Road Test Blocks
Good value standard fit items
Smart wide angle mirror
Storage areas aren't always useful
Fussy front grille is a magnet for leaves
Dare we say it that we are now seeing a new breed of economical large vans? Driven by emissions regulations, vans have been getting increasingly more economical. But what constitutes good fuel consumption these days?
Friends will often tell you that their diesel hatchback can muster a frugal 70mpg on a gentle motorway run, and still turns out a low 50mpg when they start getting stuck in traffic in town. While those numbers might not be untypical for a small car often transporting just one or two people, when it comes to big old panel vans fully laden with tools and tat, achieving fuel economy anywhere near those numbers is firmly in the land of make believe.
Euro-5 took mid to high twenty-something MPG figures and dragged them into the low thirties. Euro-5b and Euro-6 models have now increased that figure even more. What, however, does that have to do with this month’s test vehicle, an unremarkable Renault. A Master van is not going to be anywhere near those impressive figures, I hear you say; it’s a cheapo Transit you’ll be shouting.
Technically you might be correct about the latter – the range does start at £21,030 for a front-wheel-drive, short wheelbase 2.8-tonner, compared to £21,145 for a largely similar Transit – but the Renault is far from a cheap alternative and is more than capable of putting a challenge to the Ford, and is actually somewhat of a pioneer on the fuel efficiency front too.
Like the smaller and also recently revised Trafic model, the Master range is split in two by the use of single and twin turbo engines. Four power outputs exist in total, up from three in the previous generation, with dCi 110, dCi 125, dCi 135, and dCi 165 options – the numbers of which each correlates to a nominal horse power rating with the two higher outputs receiving variable geometry twin turbos.
While our test vehicle is the ‘new’ 135hp output model, power has actually increased in all of the other three units - up, 10hp, 5hp and 15hp, respectively. Fuel consumption is up across the range too thanks to a number of engine revisions that include a new oil pump and lower friction piston rings.
All in all, the new 2.3-litre M9T engine block has some 212 new parts and incorporates 12 new technologies to produce a better, more efficient engine. And the changes have really worked.
As a medium wheelbase, medium height panel van, the range topping 165hp unit is said to consume 7.3mpg less than the previous generation dCi 150 with a combined economy of 40.9mpg, while our larger long wheelbase 135 dCi claims a 40.4mpg average. Those are impressive numbers for big vans, and ones that we found to be genuinely achievable during our test. We also noted that the new engine is much quieter and smoother in its power delivery than the old models, leading us to believe that the bodies down in Renault’s engine department really deserve a pat on the back for this one.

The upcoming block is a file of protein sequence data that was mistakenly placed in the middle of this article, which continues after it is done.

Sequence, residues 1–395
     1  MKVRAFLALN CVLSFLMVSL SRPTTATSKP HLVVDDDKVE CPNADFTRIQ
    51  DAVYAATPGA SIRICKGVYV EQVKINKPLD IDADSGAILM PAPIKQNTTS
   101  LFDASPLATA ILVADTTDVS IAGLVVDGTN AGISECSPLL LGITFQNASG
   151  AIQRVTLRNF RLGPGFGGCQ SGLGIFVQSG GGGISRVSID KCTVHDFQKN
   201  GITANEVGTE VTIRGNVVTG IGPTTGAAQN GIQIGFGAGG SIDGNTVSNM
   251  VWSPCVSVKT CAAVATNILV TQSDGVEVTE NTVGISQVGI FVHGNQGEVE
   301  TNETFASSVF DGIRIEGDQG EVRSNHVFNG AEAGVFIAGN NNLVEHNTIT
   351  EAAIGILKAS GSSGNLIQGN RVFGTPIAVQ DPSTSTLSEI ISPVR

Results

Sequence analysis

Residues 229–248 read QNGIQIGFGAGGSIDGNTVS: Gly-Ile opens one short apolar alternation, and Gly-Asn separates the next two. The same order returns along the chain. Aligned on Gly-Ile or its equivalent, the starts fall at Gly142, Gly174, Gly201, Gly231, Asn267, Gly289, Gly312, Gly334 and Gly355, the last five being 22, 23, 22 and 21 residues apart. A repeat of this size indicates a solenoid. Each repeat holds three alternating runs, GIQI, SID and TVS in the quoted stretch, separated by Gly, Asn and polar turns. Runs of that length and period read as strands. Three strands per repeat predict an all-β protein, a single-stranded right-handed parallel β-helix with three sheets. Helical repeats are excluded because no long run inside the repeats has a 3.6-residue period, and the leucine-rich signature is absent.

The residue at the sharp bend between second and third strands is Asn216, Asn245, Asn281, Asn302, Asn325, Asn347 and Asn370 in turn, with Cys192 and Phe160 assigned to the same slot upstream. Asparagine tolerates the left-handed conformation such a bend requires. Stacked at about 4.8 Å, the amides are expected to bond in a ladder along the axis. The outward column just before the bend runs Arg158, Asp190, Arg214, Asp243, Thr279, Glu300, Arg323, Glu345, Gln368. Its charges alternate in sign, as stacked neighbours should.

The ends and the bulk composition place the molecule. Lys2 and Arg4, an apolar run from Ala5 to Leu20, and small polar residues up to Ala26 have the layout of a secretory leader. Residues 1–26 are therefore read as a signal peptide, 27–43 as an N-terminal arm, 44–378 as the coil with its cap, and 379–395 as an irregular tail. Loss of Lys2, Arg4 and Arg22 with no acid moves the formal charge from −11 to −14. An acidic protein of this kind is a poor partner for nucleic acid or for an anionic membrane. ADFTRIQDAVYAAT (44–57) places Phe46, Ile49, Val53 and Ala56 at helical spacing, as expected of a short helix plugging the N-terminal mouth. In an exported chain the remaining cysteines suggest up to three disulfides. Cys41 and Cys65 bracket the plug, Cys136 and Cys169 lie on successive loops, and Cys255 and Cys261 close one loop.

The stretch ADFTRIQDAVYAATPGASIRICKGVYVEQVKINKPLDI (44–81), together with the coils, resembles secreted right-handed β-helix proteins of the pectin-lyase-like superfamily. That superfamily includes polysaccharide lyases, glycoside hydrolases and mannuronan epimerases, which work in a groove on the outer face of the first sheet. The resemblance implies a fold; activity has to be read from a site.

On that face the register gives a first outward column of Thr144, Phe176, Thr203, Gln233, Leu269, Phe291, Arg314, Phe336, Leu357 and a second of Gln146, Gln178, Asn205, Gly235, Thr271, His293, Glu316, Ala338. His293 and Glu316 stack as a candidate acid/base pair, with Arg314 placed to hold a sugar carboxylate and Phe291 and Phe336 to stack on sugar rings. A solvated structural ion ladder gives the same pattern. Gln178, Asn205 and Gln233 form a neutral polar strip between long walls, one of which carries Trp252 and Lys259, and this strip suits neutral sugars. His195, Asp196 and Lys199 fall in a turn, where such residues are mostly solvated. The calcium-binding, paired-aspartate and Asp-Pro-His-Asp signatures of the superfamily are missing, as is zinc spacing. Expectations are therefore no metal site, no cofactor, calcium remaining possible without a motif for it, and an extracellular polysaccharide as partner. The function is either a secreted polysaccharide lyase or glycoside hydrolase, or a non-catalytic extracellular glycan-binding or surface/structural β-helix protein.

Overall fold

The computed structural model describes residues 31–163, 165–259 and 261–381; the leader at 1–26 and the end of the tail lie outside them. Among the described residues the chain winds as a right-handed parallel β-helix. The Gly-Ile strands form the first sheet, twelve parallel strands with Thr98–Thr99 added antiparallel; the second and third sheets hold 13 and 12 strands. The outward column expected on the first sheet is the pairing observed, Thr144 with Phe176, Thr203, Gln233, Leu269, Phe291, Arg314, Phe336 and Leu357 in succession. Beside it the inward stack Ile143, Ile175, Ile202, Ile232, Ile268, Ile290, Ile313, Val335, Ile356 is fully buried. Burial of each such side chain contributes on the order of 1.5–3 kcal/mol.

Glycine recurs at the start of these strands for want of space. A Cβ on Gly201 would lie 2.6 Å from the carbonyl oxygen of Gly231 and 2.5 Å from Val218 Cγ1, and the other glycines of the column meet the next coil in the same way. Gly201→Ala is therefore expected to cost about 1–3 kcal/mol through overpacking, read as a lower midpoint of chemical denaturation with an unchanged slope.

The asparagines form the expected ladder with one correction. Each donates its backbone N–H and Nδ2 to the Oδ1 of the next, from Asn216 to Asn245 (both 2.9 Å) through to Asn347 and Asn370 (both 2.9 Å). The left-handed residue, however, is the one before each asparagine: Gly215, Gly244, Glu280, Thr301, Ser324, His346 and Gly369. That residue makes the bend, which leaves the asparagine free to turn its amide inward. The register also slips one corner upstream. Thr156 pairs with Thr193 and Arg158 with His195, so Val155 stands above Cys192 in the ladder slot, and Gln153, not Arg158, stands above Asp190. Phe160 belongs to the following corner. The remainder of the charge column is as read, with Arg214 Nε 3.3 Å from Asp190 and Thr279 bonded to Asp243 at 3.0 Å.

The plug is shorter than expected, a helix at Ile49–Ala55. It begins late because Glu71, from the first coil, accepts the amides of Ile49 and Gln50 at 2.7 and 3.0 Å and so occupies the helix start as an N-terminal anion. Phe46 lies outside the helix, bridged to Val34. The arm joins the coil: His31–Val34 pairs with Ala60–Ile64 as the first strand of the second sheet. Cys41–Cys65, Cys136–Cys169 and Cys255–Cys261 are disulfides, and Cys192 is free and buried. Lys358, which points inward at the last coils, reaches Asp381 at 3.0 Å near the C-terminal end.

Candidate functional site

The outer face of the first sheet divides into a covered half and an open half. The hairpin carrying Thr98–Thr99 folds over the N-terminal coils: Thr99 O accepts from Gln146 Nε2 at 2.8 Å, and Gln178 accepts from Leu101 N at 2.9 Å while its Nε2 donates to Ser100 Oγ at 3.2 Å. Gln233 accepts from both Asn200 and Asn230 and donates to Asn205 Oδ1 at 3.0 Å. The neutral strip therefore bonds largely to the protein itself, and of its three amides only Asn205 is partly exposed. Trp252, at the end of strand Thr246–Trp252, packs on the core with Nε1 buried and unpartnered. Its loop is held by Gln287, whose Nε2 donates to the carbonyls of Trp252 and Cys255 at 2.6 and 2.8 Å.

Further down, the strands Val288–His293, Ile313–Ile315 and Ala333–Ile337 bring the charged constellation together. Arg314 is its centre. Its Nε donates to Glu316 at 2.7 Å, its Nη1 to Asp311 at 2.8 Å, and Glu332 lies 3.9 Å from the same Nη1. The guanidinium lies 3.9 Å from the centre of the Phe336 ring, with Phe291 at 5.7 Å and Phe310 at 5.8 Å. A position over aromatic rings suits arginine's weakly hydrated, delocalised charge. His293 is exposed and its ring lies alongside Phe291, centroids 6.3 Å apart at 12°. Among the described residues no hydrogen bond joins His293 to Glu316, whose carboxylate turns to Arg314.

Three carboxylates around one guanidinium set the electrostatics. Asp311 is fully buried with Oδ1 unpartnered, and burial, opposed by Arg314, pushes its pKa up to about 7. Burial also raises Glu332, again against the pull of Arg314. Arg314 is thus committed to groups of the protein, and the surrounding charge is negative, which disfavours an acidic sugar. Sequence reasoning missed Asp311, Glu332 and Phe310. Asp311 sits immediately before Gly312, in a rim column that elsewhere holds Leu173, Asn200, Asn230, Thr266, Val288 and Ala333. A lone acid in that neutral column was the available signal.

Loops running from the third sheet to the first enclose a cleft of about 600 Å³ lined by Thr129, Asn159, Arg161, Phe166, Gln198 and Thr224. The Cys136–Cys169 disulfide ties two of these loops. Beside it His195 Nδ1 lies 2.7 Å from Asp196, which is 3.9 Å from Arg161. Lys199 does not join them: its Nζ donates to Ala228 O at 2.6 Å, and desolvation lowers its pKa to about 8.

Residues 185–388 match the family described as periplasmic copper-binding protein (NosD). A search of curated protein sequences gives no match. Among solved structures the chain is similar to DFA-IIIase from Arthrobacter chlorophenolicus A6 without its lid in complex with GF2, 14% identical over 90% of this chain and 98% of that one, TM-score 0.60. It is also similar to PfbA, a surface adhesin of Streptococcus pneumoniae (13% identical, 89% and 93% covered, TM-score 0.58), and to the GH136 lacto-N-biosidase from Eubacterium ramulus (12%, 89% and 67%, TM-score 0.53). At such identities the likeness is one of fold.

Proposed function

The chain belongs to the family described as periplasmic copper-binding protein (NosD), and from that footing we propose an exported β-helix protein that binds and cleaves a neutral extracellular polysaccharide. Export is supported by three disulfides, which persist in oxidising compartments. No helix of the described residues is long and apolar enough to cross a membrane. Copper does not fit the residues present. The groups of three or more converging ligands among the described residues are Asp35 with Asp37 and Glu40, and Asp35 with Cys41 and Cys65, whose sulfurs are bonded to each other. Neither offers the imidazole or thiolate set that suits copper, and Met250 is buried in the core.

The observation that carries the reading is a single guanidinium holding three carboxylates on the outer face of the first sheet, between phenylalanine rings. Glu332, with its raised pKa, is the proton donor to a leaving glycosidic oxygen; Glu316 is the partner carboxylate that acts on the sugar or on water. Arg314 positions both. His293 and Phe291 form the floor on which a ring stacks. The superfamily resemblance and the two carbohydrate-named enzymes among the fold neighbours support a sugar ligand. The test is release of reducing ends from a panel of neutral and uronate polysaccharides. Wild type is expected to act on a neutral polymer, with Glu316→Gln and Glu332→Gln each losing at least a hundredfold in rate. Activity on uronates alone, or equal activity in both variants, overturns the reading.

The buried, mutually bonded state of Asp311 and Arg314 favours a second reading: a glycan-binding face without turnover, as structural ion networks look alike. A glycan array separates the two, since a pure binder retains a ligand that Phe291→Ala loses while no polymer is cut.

Without doubt, the engine line-up and under bonnet modifications are certainly the largest change in the range, but what else has changed in the new Master? Well, the front end has been re-styled, as is the want of all mid-cycle refreshes, while the interior has had a nip and tuck to make better use of the space. Really, though, it is business as usual but you will find changes to the specification, with two trim levels now on offer, Business and Business+, as well as a range of option packs available to add security features, loadspace equipment or driver assistance like cruise control and speed limiters.
Renault has always offered its customers more than the competition. It was amongst the first to integrate a decent sat nav into its vans, and stop charging the earth, and is now serving up some genuinely useful equipment in its vans to make driving your mobile office easier and more comfortable. Two trim levels are available on the new Master, Business and Business+. Notable standard gear includes a DAB digital radio, hill-start assist and Bluetooth, but the leap to Business+ gets you a whole raft of nifty items. Air conditioning, pivoting seatback table (ideal for a laptop), underseat storage and rear parking sensors. Higher specification models also get the innovative Wide View Mirror in the nearside sun visor, that to the passenger will make them look like something from the fairground’s hall of mirrors, but for the driver provides double the line of sight to the rear of the van. Options available include TomTom sat nav, air suspension, cornering lights, and automatic on/off wipers and headlights.
The manufacturer also claims the cabin of the new Master offers the market’s highest number of stowage solutions, and if we’re entirely honest we’ll have to believe them as we lost count after having to take off our shoes and socks. Apparently the interior has been designed to house the sort of everyday items used by business customers, and they’ve served up a range of places to put them.
While the new Trafic understandably drew the larger audience when it was launched at the same time, changes to the Master line-up are a significant step forward. Renault already enjoys a healthy slice of the pie in Europe, but over here they were very much in the second division. These engine upgrades should elevate them into the forefront of any purchasing decision, and the unfussy but comfortable cabin has a few years left in it yet.
You probably won’t find Renault winning all that many awards for the new Master, but they can be proud in a job well done, and the fact that it can now realistically be uttered in the same sentence as names like Transit and Sprinter when it comes to spending your hard earned, means that the Master is that little bit closer to dominance on this side of the channel too.